Eska Mtungwazi is often presented as ‘the best singer you’ve never heard of’ – but for those in the know, this debut album has been a long time coming. Her work with Matthew Herbert and Tony Allen (amongst others) introduced her as an inventive and original singer able to glide effortlessly through a variety of musical worlds. Her own projects have been distinctive and compelling (notably the English Skies concert series, with its thoughtful development and expansion of folk music concepts).
Her solo debut, in spite of being frustratingly brief at just 36 minutes, is characteristically wide-ranging. It incorporates some crispy, crackling reggae (Heroes & Villains), beautifully honest and emotive songwriting (a closing mini-suite of songs perhaps in memory of absent friends or past lovers) and kaleidoscopic, global folk music (This Is How A Garden Grows, She’s In The Flowers).
Long term fans might be disappointed that a 10 track album includes two tracks already released on the Gatekeeper EP (the title track and She’s In The Flowers), but it’s hard to argue against their inclusion on grounds of sheer quality. Gatekeeper still sounds revelatory – a detailed tapestry of sound blending multi-tracked vocals, electronics, fluttering vocals at once delicate and authoritative (showcasing depth and range), and a gracefully expanding, vertically linear structure that ends in something close to ascension, the music evolving to support the increasing power in Eska’s vocal. She’s In The Flowers is fascinating in the way it merges an English folk tradition with a West African rhythmic quality, finding the common ground between these forms. It achieves an agile, dancing quality with real drive whilst also being delightfully light and minimal.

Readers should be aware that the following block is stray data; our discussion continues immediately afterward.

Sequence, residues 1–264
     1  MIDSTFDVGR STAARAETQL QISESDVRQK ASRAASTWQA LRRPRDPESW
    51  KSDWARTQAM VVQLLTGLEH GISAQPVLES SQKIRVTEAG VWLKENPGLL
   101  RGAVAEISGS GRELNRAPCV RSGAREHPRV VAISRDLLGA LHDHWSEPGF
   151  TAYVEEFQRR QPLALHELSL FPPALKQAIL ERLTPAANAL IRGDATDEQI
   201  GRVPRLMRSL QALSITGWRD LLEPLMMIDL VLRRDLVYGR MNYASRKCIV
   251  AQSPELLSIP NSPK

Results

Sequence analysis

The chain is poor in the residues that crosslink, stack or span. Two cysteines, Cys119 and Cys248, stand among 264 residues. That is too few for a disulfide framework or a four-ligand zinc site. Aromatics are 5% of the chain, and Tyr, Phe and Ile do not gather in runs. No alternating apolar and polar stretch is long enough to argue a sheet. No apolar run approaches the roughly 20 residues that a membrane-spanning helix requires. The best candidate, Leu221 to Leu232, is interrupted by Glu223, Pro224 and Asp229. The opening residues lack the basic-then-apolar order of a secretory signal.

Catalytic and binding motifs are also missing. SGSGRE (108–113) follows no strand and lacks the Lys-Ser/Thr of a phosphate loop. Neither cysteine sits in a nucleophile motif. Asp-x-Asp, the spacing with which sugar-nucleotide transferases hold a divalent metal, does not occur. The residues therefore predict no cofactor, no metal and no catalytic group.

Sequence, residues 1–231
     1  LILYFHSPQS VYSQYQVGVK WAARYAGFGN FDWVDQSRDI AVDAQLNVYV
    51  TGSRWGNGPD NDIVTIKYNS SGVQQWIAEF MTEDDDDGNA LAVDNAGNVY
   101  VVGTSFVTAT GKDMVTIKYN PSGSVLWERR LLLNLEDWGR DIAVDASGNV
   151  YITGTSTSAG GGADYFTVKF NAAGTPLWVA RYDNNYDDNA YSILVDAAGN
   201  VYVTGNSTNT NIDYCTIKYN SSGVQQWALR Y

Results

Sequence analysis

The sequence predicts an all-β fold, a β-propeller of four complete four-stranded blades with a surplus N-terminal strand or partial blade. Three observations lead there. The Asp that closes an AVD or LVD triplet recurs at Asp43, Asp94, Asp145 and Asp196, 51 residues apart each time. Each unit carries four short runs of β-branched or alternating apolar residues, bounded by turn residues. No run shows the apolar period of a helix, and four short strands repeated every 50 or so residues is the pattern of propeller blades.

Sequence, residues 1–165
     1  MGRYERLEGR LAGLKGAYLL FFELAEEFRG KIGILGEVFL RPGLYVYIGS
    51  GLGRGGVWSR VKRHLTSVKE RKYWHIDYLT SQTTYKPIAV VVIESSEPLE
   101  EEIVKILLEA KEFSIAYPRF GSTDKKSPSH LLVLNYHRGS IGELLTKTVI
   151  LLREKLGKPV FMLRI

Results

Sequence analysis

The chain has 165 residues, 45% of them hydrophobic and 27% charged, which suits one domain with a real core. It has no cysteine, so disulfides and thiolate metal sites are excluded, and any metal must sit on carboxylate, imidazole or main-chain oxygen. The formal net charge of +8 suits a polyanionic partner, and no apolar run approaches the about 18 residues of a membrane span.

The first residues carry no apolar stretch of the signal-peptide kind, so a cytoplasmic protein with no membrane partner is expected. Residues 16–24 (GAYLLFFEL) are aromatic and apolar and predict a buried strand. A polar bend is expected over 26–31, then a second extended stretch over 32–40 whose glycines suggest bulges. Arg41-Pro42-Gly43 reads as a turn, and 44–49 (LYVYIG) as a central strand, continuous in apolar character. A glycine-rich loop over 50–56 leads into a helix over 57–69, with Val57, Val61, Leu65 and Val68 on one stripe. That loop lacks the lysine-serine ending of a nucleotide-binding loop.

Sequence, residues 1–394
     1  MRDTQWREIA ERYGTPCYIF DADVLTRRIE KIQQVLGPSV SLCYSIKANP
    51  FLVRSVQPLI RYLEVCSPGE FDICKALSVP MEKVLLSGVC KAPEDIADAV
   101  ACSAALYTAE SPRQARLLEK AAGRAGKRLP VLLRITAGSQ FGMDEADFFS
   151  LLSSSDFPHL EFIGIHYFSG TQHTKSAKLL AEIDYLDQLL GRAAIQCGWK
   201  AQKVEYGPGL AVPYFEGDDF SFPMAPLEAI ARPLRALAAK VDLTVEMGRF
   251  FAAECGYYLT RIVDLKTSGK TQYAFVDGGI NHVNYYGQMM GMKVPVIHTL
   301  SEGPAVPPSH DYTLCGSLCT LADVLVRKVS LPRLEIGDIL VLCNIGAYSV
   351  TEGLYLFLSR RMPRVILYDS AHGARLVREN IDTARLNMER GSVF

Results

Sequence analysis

Some tracks here are more introspective and questioning and, appropriately enough, are less immediate. At its start, Boundaries feels controlled but with its promise to ‘tear down the walls’, Eska’s vocal veers away from melancholy hues and becomes more assertive. The music is unusual, intricately arranged and challenging in the twists and turns of its melody. It’s too passionate and complex to be an infectious song – but it is a compelling example of Eska’s artistry. This Is How A Garden Grows is wonderful – beginning with auspicious chirping and whirring (the sounds of instruments coming to life does indeed suggest a garden just beginning to bloom) before evolving into an elegant piece melding acoustic folk storytelling with more soulful elements.
Eska counterbalances these elaborate mood pieces with some quirky pop songs. Shades Of Blue is bouncy and urgent (and the ‘baby baby’ backing vocals could even come from a Beyonce record), but it’s unusual time signature shifts (over which Eska shapes effortless, gracefully gliding vocal lines). Heroes & Villains is the album’s closest thing to an earworm and the closing Dear Eddy is a powerful and affecting soul song that feels honest and unforced – a song born from experience.
For some artists, a debut gestating for five years using various producers and covering wide musical terrain might lead to incongruity at best or disaster at worst. Not only has Eska survived these possible pitfalls, but she has transformed them into virtues. The gestation has meant that the album really captures her individual voice as a writer and singer whilst the variety in the instrumentation and sound presents her as an open-minded seeker of new ideas.